400d. Schelling to Georg Friedrich von Zentner in Munich: Würzburg, 19 January 1806 [*]
Würzburg, 19 January 1806
Most Respected, Most Highly Esteemed Geheimrath,
Perhaps I am one of the last to turn to Your Excellency in the present situation seeking information and guidance.  No doubt at least indirectly you have had concerns enough brought before you as the center of trust amidst the so wholly unanticipated events that, after the war seemed to have spared us in Würzburg, now threaten to place us on war footing after all as a result of the peace. — In a time such as this, of course, everyone must make a sacrifice, be it ever so precious, and indeed the poor scholar has no more precious possession than his peace and quiet.
That said, however, I do confess that the consequences for my own person have not been such as to prompt me to come Your Excellency immediately with yet more burdensome problems. Notwithstanding not the slightest reassurances have been issued in this regard,  I have not believed for even a single moment that a government like ours would amid such despairing circumstances abandon those whom solely an extraordinary degree of trust in that government and the most handsome hopes had drawn to this state in the first place. That government has always acted with royal liberality even without that particular status it now enjoys among the powers, and it will doubtless continue to bring regal justice to bear in the future as well.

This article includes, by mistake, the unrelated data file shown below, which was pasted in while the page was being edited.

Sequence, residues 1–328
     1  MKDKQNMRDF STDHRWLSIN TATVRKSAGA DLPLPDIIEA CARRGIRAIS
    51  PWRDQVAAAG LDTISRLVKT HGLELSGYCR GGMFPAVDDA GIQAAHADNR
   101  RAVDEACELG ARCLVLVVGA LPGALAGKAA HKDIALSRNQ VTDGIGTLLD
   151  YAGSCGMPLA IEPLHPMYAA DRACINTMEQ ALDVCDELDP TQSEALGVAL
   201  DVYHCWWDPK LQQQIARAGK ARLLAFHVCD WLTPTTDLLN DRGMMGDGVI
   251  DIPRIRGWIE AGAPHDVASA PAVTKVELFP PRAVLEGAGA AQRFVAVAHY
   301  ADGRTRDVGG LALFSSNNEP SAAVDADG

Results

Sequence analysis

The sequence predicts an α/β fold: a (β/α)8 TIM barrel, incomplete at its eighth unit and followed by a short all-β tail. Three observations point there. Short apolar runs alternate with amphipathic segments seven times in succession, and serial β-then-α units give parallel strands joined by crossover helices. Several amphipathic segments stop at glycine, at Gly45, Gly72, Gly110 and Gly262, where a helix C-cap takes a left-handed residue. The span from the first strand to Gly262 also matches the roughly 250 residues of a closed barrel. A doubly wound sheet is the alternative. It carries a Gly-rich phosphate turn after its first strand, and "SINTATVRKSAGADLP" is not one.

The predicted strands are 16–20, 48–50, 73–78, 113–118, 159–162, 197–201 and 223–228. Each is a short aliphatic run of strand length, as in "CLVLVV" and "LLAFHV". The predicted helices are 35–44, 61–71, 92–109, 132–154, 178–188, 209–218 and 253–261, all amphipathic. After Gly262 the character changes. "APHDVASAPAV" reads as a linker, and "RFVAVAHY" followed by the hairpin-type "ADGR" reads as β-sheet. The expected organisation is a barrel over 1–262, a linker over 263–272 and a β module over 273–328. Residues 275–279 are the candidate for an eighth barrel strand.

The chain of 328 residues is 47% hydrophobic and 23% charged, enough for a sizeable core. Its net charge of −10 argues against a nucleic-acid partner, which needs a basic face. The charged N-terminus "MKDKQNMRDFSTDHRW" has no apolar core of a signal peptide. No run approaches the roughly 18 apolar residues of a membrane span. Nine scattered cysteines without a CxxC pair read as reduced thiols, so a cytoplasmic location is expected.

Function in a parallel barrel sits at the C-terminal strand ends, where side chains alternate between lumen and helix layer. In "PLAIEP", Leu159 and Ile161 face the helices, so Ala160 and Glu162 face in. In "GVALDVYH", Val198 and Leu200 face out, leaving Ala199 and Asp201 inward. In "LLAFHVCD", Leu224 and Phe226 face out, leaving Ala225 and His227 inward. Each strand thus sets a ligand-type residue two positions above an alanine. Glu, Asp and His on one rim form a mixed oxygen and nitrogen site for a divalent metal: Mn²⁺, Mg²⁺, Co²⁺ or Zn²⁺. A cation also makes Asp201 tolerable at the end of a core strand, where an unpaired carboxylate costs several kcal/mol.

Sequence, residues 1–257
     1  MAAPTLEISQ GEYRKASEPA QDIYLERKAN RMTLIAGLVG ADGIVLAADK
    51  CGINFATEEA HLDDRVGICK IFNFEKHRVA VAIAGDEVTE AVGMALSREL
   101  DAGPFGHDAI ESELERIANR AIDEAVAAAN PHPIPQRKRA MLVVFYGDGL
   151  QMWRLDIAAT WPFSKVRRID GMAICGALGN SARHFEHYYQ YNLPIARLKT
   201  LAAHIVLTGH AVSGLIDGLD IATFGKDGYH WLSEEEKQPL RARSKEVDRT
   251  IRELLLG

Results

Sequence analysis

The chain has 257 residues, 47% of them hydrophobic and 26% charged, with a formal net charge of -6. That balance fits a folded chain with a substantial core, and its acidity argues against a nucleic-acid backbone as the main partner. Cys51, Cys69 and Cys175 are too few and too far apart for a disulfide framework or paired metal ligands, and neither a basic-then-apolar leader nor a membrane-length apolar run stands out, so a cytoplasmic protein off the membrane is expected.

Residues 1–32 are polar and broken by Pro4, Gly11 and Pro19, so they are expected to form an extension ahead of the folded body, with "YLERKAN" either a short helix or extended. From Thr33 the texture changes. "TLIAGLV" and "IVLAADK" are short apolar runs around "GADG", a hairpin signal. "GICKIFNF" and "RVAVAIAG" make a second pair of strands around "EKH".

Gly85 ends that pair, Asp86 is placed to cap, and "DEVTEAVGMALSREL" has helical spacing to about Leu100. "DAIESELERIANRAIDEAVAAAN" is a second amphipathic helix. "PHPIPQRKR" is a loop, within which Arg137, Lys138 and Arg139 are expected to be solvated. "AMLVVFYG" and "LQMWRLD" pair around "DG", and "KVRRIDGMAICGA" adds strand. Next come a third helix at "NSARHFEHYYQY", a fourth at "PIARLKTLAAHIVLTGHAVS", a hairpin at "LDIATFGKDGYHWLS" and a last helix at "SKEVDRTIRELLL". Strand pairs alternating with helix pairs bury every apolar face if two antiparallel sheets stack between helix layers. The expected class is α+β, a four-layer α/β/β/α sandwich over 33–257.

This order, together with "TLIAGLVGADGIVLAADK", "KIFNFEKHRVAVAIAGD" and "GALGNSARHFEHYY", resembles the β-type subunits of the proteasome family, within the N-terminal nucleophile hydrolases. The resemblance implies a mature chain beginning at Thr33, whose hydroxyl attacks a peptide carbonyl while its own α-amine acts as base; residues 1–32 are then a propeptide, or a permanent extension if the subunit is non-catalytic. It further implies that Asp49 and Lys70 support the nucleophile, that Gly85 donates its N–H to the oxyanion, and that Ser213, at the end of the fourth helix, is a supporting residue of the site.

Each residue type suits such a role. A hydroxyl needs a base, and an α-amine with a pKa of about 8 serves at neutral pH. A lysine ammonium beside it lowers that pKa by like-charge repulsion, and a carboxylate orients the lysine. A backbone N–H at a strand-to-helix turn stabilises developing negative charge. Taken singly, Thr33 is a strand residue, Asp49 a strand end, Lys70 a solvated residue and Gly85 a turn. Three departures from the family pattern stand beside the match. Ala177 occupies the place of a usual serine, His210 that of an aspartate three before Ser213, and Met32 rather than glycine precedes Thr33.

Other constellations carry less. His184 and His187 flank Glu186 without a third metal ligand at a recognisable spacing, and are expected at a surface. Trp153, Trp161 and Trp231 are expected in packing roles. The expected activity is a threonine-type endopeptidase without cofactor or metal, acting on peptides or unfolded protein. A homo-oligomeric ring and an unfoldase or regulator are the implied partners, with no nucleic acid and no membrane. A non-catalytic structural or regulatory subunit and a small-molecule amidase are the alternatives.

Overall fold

I myself belong not to this adventitious, indeed ungrateful land,  but rather to the one that transplanted me here,  and to which I can also easily present fruits of gratitude under a different constellation of circumstances. Hence the present seems for me to be the moment at which Your Excellency has not only permitted, but also, with forbearing kindness, even ordered me to present to you in writing the wishes and suggestions I might be entertaining with respect to a more favorable direction of my own circumstances. That which otherwise might have prompted extensive discussions, and about which I already ventured to relate to you in person earlier, might presumably now be effected with considerably more facility.